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Encounters of the Heart: A Broken Heart

Oh, the joys of being in love - the rush, the tingle, the breathlessness, the friendship, and the anticipation of genuine affection and adoration. Being in love is a great and wonderful thing. It’s just beautiful. “You can touch the moonlight," according to Celine Dion’s song.

But finding love can be challenging, even daunting at times. You think, I have finally found the one, but that did not end well, not at all. Finding the love of your life seemingly eluded you, leaving you with a broken heart. When your heart is broken, you nurse deep mental and emotional wounds, and many times, you wonder if your heart will ever heal.

Wikipedia states that "a broken heart is a term metaphor for the intense emotional—and sometimes physical—stress or pain one feels at experiencing great longing."

When you love someone, you have invested heavily in that relationship – emotionally, spiritually, mentally, financially, and physically – hence the trauma you feel when the relationship is broken.

Do you have a broken heart?

You can and will survive this. What the enemy planned for evil, God will work it out for your good.

The longer I live, the more I trust God. He not only sees the beginning but He sees the end. You can be confident, “for the Lord God is a sun and shield: the lord will give grace and glory: no good thing will He withhold from them that walk uprightly.” Psalm 84:11 (KJV)

Romans 8:28 (KJV) reminds us, “and we know that all things work together for good to them that love God, to them who are the called according to His purpose.”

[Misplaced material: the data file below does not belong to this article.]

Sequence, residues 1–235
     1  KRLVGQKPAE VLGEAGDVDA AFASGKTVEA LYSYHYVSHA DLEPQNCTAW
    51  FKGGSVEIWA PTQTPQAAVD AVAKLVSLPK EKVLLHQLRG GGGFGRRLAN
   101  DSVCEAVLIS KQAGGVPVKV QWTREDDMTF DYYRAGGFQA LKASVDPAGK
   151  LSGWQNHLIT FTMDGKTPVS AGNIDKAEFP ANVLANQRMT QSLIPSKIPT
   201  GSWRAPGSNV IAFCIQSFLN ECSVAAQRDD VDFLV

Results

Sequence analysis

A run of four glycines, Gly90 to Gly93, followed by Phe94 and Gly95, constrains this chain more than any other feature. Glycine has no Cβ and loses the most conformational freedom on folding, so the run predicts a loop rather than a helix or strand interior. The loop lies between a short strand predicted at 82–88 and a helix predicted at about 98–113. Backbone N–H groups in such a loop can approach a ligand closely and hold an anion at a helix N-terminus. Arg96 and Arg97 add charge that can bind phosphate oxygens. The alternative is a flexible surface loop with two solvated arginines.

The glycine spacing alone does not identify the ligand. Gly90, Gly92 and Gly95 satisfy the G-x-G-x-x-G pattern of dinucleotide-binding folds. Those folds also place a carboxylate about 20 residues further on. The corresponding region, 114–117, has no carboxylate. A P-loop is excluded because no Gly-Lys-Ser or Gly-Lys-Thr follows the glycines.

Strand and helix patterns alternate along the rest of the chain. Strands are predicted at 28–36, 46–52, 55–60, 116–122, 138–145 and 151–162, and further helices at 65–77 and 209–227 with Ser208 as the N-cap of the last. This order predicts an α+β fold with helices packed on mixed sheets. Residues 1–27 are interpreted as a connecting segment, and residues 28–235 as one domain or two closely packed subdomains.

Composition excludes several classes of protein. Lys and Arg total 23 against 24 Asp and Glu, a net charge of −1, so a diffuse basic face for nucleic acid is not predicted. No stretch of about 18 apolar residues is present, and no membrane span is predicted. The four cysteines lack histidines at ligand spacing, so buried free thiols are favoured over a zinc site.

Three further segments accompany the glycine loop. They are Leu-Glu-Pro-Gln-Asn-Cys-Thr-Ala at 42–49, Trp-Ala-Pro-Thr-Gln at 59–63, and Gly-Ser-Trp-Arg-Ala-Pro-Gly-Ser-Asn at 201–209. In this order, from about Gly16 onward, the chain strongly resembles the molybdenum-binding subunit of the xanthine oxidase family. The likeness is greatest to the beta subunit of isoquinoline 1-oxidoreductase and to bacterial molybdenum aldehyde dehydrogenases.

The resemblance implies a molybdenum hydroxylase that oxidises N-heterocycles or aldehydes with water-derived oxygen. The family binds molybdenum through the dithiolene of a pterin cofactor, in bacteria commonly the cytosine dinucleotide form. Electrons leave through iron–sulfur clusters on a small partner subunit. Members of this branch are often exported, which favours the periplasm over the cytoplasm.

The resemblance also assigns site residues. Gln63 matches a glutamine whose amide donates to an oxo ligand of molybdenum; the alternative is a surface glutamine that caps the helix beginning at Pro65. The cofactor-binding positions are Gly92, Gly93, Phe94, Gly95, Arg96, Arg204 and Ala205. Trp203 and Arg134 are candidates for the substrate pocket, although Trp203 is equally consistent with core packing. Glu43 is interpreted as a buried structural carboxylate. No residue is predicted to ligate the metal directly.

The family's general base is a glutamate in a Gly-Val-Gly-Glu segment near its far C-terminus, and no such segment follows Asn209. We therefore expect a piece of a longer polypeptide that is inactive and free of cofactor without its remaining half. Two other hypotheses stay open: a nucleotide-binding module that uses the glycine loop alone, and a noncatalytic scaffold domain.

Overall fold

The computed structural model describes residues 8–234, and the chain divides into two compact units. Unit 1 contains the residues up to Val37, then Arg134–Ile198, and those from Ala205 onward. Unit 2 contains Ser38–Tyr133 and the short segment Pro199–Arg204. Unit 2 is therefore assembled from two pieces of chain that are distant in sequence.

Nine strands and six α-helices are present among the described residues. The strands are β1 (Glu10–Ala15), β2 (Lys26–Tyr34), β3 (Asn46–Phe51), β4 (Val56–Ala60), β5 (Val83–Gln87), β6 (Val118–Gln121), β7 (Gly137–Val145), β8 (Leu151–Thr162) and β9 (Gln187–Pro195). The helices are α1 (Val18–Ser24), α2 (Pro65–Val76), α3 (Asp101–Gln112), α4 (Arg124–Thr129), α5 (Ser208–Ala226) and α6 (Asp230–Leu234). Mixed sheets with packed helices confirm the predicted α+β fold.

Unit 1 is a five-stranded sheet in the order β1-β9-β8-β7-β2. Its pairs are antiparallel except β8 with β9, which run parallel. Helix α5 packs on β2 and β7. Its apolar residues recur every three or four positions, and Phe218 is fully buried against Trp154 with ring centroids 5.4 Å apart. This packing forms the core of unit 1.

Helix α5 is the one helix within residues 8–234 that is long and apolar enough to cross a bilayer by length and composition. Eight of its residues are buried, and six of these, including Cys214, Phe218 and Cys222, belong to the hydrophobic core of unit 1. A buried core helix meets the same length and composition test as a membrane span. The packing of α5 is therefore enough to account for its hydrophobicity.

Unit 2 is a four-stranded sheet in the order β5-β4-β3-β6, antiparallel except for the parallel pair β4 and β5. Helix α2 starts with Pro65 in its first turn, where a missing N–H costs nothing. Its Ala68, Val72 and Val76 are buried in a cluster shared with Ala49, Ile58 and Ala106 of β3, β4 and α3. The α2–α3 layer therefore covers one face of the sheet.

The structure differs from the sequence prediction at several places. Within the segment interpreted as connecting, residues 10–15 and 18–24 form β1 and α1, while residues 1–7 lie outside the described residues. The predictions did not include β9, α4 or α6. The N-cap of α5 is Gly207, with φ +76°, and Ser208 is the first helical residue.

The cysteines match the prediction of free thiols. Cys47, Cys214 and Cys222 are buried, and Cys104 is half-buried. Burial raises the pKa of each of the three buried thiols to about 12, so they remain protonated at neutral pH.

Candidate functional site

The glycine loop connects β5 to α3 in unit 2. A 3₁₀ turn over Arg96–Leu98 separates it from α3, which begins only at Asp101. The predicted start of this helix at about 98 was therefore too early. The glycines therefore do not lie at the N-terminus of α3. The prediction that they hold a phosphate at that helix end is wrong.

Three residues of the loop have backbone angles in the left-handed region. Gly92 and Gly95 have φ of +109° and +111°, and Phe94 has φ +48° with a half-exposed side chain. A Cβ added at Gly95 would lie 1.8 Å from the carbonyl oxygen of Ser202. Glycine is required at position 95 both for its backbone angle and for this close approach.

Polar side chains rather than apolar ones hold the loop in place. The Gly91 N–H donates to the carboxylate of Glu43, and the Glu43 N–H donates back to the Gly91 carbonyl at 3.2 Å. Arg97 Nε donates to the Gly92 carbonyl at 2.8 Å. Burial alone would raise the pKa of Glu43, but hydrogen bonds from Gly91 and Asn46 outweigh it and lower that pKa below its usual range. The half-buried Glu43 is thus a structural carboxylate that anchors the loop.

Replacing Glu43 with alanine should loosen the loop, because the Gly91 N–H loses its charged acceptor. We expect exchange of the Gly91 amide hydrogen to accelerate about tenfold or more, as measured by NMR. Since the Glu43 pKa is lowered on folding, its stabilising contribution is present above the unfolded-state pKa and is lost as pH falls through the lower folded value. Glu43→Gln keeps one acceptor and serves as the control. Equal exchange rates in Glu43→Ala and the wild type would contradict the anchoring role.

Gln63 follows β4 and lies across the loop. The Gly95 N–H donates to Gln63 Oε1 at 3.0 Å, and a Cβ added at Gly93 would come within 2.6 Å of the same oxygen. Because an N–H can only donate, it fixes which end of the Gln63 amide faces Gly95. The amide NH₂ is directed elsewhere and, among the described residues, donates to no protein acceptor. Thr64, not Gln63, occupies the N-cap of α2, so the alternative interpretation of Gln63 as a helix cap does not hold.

Romantic Rejection

Let’s talk about Leah, Laban’s first daughter, and the disfavored sister of the beautiful, Rachel. Genesis 29 details the struggles of the two sisters who were married to the same man - Jacob. How I empathize with Leah – Leah became Jacob's wife through the deception of her father.

Jacob fell in love with Rachel, Laban’s younger daughter, and agreed to work for Laban for seven years in exchange for Rachel's hand in marriage. Laban agreed. However, after the seven years, Laban deceived Jacob and gave him Leah as a wife instead. According to Laban, it was not customary that the younger daughter marry first. So, in order for Jacob to marry Rachel, he had to work for Laban for another seven years.

Finally, Jacob marries Rachel. Genesis 29:30 tells us that Jacob “loved also Rachel more than Leah.”

Throughout her marriage, Leah sought to win the affection of her husband, baring him sons after sons. “And Leah conceived, and bare a son, and she called his name Reuben: for she said, Surely the Lord hath looked upon my affliction; now therefore my husband will love me.” Genesis 29:32 (KJV)

Leah never won the love of Jacob, but remember, “all things work together for good to them that love God, to them who are the called according to his purpose." From Leah’s third son, Levi, came Israel’s priesthood - Moses, Aaron, John the Baptist. Her fourth son, Judah, God chose as the bloodline through whom Jesus came.

Sounds like victory to me. God is "able to do exceeding abundantly above all that we ask or think, according to the power that worketh in us." Ephesians 3:20 (KJV)

Remember, be confident, "...he which hath begun a good work in you will perform it until the day of Jesus Christ." Philippians 1:6 (KJV)

I would love to hear your thoughts? Please write your comments in the box below.

This post will continue next week Monday. Stay tuned for Encounters of the Heart: Healing the Heart (Part 2)

Ann Marie Bryan CEO & Founder, Victorious By Design Author, Encounters of the Heart series

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